Children’s Hospital Los Angeles Surgeons Travel to Jordan to Operate on More Than 30 Local Children with Physical Deformities and Injuries, Including at Least Three Young Syrian Civil War Refugees
Janet Dotson (Jordan)Office: (323) 361.5979E-mail: orLorenzo Benet (323) 361.4823 (Los Angeles)Email:
A medical team of specialized surgeons from the and the at departed for Amman, Jordan Thursday, May 30 for a weeklong medical mission to treat children with devastating physical deformities at the King Hussein Medical Center in Amman.
The hospital will be working in collaboration with the Children of War Foundation, a non-profit, non-politically affiliated organization that provides medical care to children with physical deformities that would be otherwise untreatable in their home country.
Children's Hospital Los Angeles and the Children of War Foundation are creating a global footprint,” says Jeffrey Hammoudeh, MD, DDS, director of the Jaw Deformities Center at Children’s Hospital. “With the skills and resources of our group of highly sub-specialized surgeons, we will provide the young patients transformative care. By making a dramatic change in the way a child or teen looks, it aids the physical, spiritual and emotional transformation of the patients and their families.”
The Children’s Hospital Los Angeles physicians will also be treating at least three Syrian civil war refugees. Of the 76 total cases reviewed thus far, the doctors expect to perform surgeries on more than 30 children.
“This mission is a testament to this group of highly sub-specialized surgeons at Children’s Hospital Los Angeles and it shows that their passion for what they do extends beyond U.S. borders into regions where children that are in desperate need of their expertise and care,” says Henri R. Ford, MD, MHA, the hospital’s vice president and chief of surgery who has led many humanitarian care missions to his home country of Haiti after the 2010 earthquake.
In addition to Dr. Hammoudeh (Beverly Hills), the team of Children’s Hospital physicians traveling to Jordan include: Mark M. Urata, MD, DDS, chief of Division of Plastic and Maxillofacial Surgery (La Canada Flintridge); Andre Panossian, MD, director of Vascular Anomalies Center (La Canada Flintridge); and Pediatric Urologist Andy Chang, MD (Pasadena). Along with volunteering their surgery expertise, they will be leading a symposium for surgeons throughout the region, providing Jordanian physicians the knowledge needed to continue providing specialized treatment once the team of doctors returns to the United States.
“This magnificent initiative being undertaken by Drs. Urata and Hammoudeh and their multidisciplinary surgical team in conjunction with the Children of War Foundation is a great example of the commitment of our hospital and its staff to improve the lives of all children in the U.S. and abroad,” says Dr. Stuart Siegel, MD, director of the Center for International Health at Children’s Hospital. “These efforts will give hope to these children and their families for a better future.”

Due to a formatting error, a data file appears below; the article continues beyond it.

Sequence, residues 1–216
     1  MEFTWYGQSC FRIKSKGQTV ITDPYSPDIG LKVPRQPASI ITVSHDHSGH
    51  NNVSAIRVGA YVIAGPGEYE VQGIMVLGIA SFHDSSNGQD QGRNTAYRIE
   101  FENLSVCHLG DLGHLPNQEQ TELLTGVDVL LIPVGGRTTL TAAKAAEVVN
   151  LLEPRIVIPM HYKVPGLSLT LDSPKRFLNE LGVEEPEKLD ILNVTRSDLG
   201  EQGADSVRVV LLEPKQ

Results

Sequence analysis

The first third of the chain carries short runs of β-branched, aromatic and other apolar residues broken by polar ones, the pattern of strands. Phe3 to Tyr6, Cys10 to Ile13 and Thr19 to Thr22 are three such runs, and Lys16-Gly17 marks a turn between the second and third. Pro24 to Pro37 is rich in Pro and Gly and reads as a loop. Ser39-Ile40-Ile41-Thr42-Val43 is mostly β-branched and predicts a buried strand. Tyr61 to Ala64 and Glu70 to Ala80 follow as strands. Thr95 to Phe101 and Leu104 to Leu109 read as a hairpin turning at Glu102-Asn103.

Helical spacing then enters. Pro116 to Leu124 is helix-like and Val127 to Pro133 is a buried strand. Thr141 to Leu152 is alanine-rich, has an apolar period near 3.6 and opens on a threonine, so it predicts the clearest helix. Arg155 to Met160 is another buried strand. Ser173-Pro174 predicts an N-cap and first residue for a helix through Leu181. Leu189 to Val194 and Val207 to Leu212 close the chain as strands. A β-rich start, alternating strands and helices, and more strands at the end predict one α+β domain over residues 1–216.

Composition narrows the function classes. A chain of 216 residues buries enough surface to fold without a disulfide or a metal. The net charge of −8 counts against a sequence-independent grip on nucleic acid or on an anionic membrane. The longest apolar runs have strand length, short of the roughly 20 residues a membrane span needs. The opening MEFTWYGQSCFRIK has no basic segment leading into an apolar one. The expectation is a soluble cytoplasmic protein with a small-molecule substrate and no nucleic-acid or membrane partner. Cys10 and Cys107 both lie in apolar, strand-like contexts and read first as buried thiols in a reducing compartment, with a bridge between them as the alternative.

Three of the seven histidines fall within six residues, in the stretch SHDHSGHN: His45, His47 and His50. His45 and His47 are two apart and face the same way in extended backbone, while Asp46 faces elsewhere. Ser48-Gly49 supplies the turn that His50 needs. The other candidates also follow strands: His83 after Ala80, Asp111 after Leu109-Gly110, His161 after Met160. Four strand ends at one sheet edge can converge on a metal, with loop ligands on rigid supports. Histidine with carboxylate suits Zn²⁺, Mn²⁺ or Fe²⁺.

Through the assistance of Dr. Khaldoun Haddadin, chief of plastic reconstructive surgery at King Hussein Medical Center, and the Jordanian medical team, the surgeons have reviewed 76 cases with more to be seen once they arrive in Jordan. This is the first outreach program to Jordan and compared to other international medical programs, this trip to Jordan is different from all others.
“The complexity factors of these cases, on a scale of one to 10, are all an eight, nine or 10,” says Dr. Hammoudeh. “The children have gone their entire lives without the operations due to lack of sub-specialized clinicians in the region.”
The cases are severe and include: hemangiomas, vascular anomalies, hand reconstruction, craniofacial reconstruction, and children with ambiguous genitalia, among other abnormalities. Dr. Urata will be doing a facial bipartition operation, a nine-hour surgery that under normal circumstances no child could get unless they were operated on in the United States.
In our world, ‘cosmetic’ surgery has a special meaning,” explains Urata. “Having a facial deformity can be emotionally and socially devastating for kids who simply want to fit in. That's our job: to help them have a normal childhood
Children’s Hospital Los Angeles doctors and nurses personally volunteering their time and expertise internationally is a growing focal point of the hospital’s mission. This is a major component for the hospital’s international program to build a humanitarian presence in the Middle East. To date, the hospital’s global missions have spanned six continents and 47 nations.
The mission concludes June 7, 2013.
Children's Hospital Los Angeles has been named the best children’s hospital in California and among the top five in the nation for clinical excellence with its selection to the prestigious . Children’s Hospital is home to The Saban Research Institute, one of the largest and most productive pediatric research facilities in the United States. Children’s Hospital is also one of America's premier teaching hospitals through its affiliation since 1932 with the Keck School of Medicine of the University of Southern California.
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